On the morning of July 8, Janice Tappin-Miller is warm, but the undercurrent of grief is strong. As she welcomes me into her home in Waxahachie, Texas, I pass the dining room. It’s filled with photos of Arlana Miller, Janice’s late daughter. “I really miss my baby,” Janice tells ESSENCE. “That was my baby.”
Arlana, who died by suicide this past spring, began her first year at Baton Rouge’s Southern University and A&M in the fall of 2021. She was a skilled cheerleader majoring in Agriculture, Family and Consumer Sciences. Southern awarded her the David Scott/JAG STARS scholarship—a full ride. She chose the major because she was looking to become a psychiatrist and wanted to help others.
“She never made you feel alone,” says Mya Mingo, one of Arlana’s cheer mates at Southern. “After practice, everyone would be gone; me and her would still be in the parking lot, talking and talking. She knew how to encourage, just lift people’s spirits up.”
On May 4, days before her summer break began, the 19-year-old posted a since-removed suicide note to Instagram. She detailed her ongoing struggle with mental health and the impact contracting COVID-19 and tearing her anterior cruciate ligament had on her. “Once she got the injury, it felt like things took a turn,” says Floyd Sias, Southern University’s head cheerleading coach. “I think she felt like she didn’t have a place anymore because she was hurt and she couldn’t try out [for the next year]. But we had a conversation. I had assured her that she was fine, that she had a place on the team. I could tell that was really getting her down.”
Arlana also voiced concern about her grades, in her public letter and during a conversation with her mother on the day of her passing. She texted her mom that she was failing a math class, which prompted a phone call from Janice. ”I said, ‘It’s okay, baby. Just drop the class.’”
Arlana then revealed she was taking six classes, two more than she had during the first half of the year. It was too late in the semester to let go of any.
“She got quiet on the phone,” Janice says about their final call. “I believe she had a moment where she just thought she was going to fail us, but she could never fail me.”
“She was a great person. I feel like the world needs more people like Arlana.”
Arlana Janell Miller was born in 2002 to Janice, an educator, and Pastor Arthur Miller II. She began dancing at age three when her mother enrolled her in dance classes. By the first grade, Arlana was cheering, too. She was a straight A-student, shy yet bubbly when you got to know her and frequently received awards at the end of each academic year.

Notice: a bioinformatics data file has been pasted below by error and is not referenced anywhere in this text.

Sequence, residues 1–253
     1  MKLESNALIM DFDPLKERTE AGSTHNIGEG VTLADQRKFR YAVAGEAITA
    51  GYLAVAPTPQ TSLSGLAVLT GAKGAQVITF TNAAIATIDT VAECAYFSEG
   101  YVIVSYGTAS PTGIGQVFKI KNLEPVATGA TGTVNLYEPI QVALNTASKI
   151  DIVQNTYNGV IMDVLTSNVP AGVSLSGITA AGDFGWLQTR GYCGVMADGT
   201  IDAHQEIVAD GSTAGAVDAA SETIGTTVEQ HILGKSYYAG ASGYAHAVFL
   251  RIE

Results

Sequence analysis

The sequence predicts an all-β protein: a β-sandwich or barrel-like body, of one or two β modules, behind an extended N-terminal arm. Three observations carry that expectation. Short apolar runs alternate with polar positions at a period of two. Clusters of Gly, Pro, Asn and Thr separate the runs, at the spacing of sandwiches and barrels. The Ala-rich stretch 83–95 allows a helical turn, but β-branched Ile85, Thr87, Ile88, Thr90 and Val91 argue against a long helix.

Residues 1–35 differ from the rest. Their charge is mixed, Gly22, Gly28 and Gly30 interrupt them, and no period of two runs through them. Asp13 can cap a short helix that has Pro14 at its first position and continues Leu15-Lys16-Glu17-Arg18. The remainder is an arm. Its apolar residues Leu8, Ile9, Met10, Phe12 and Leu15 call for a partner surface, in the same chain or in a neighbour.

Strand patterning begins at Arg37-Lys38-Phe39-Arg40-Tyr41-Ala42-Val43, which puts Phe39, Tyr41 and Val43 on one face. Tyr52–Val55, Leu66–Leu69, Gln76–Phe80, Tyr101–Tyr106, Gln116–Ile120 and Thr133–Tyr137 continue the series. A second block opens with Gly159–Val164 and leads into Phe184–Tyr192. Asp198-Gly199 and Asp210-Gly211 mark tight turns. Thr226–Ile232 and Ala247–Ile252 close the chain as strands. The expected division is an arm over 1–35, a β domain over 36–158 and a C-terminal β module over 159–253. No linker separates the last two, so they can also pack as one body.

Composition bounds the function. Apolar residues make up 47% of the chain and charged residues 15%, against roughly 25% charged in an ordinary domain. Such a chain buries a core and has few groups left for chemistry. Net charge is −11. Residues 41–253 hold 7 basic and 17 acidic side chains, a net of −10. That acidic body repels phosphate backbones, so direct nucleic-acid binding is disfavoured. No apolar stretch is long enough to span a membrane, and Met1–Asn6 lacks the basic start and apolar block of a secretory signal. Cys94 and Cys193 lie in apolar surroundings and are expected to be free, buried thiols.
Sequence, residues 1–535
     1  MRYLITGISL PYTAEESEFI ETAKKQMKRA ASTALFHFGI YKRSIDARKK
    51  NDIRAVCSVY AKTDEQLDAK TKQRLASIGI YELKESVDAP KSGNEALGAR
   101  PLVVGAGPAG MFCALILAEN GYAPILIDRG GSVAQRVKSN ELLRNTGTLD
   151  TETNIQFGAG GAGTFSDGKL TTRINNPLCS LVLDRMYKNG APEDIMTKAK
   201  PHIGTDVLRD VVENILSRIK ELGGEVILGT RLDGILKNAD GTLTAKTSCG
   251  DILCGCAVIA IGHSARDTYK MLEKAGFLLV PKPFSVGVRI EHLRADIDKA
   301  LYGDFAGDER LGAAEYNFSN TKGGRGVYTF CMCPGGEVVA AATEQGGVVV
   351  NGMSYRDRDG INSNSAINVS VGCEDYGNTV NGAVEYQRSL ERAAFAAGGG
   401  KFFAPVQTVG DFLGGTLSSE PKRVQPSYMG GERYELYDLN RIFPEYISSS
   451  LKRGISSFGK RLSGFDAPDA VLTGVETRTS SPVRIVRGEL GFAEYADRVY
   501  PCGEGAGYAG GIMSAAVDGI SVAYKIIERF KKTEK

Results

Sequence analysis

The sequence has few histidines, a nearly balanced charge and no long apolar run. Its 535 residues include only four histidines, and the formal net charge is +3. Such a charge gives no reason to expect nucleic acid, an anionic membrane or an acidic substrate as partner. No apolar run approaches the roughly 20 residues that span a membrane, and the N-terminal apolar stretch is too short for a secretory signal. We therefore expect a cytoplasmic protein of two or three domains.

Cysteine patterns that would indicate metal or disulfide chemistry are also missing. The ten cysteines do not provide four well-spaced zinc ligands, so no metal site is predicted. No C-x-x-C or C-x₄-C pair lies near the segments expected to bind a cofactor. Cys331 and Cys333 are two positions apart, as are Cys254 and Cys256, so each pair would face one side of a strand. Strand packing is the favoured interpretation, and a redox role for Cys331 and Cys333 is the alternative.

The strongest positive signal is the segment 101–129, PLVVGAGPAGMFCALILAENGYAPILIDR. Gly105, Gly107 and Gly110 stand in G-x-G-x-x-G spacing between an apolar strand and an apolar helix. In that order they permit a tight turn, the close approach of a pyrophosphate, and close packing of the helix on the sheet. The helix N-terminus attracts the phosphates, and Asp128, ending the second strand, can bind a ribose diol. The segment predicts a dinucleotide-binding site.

The family, which includes Arlana’s older brother, Raylon, relocated to Texas when Janice took a teaching position in 2016. (The relocation did not have Arthur, as the couple divorced in 2010.) Arlana was the new girl at A.W. Brown Leadership Academy, a K-8 school in Dallas. She made the cheerleading team and fit right in.
“She went to A.W. Brown and didn’t hardly know anybody. Then she made cheer there, ran for homecoming court and was first-runner up,” Janice says.
Cheerleading was the teen’s joy. She ran track as well and was talented, but in middle school decided to stop splitting her time between multiple physical undertakings. At the start of her senior year at DeSoto High School, she was rewarded for focusing on one sport.
“I always hinted at her like, ‘Girl, I think you’re going to be cheer captain,’” says Whitney Walton, one of Arlana’s closest friends. Walton’s gut feeling proved to be right. During one of the 2019 home games, the team took a break; moments later, the cheer coach came out with a sash for Arlana that read ‘cheer captain.’ Janice smiles as she retells the story, recalling her daughter’s tears, gratitude and shock. “They filmed it and everything, and she was crying. I was crying.” It was a dream come true.
Now, Janice has a new outlook on her daughter’s relationship with the sport, saying it helped her cope. “It was her way to not be by herself, to be doing something and not in her dorm room. I learned through my grief counselor, people who are sometimes depressed, they deal with their depression by helping other people or doing things for other people.”